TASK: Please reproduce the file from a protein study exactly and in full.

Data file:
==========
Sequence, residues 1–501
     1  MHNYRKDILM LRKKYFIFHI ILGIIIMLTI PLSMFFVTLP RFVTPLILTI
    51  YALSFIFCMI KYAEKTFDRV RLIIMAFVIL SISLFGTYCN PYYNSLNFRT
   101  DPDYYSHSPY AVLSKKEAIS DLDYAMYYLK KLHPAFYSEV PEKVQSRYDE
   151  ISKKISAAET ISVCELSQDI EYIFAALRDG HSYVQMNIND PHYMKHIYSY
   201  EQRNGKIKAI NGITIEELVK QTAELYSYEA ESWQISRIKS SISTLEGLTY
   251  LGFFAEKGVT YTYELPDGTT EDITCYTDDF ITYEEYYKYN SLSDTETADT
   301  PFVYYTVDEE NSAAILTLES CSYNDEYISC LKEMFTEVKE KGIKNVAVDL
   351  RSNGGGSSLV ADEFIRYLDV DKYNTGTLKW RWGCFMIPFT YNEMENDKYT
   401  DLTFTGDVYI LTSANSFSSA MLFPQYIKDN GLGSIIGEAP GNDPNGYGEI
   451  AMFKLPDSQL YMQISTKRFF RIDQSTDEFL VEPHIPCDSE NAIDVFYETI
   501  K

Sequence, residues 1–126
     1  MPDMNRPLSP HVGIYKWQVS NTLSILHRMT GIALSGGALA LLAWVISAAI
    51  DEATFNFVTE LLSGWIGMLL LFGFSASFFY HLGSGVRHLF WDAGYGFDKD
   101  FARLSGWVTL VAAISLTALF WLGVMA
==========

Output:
Sequence, residues 1–501
     1  MHNYRKDILM LRKKYFIFHI ILGIIIMLTI PLSMFFVTLP RFVTPLILTI
    51  YALSFIFCMI KYAEKTFDRV RLIIMAFVIL SISLFGTYCN PYYNSLNFRT
   101  DPDYYSHSPY AVLSKKEAIS DLDYAMYYLK KLHPAFYSEV PEKVQSRYDE
   151  ISKKISAAET ISVCELSQDI EYIFAALRDG HSYVQMNIND PHYMKHIYSY
   201  EQRNGKIKAI NGITIEELVK QTAELYSYEA ESWQISRIKS SISTLEGLTY
   251  LGFFAEKGVT YTYELPDGTT EDITCYTDDF ITYEEYYKYN SLSDTETADT
   301  PFVYYTVDEE NSAAILTLES CSYNDEYISC LKEMFTEVKE KGIKNVAVDL
   351  RSNGGGSSLV ADEFIRYLDV DKYNTGTLKW RWGCFMIPFT YNEMENDKYT
   401  DLTFTGDVYI LTSANSFSSA MLFPQYIKDN GLGSIIGEAP GNDPNGYGEI
   451  AMFKLPDSQL YMQISTKRFF RIDQSTDEFL VEPHIPCDSE NAIDVFYETI
   501  K

Sequence, residues 1–126
     1  MPDMNRPLSP HVGIYKWQVS NTLSILHRMT GIALSGGALA LLAWVISAAI
    51  DEATFNFVTE LLSGWIGMLL LFGFSASFFY HLGSGVRHLF WDAGYGFDKD
   101  FARLSGWVTL VAAISLTALF WLGVMA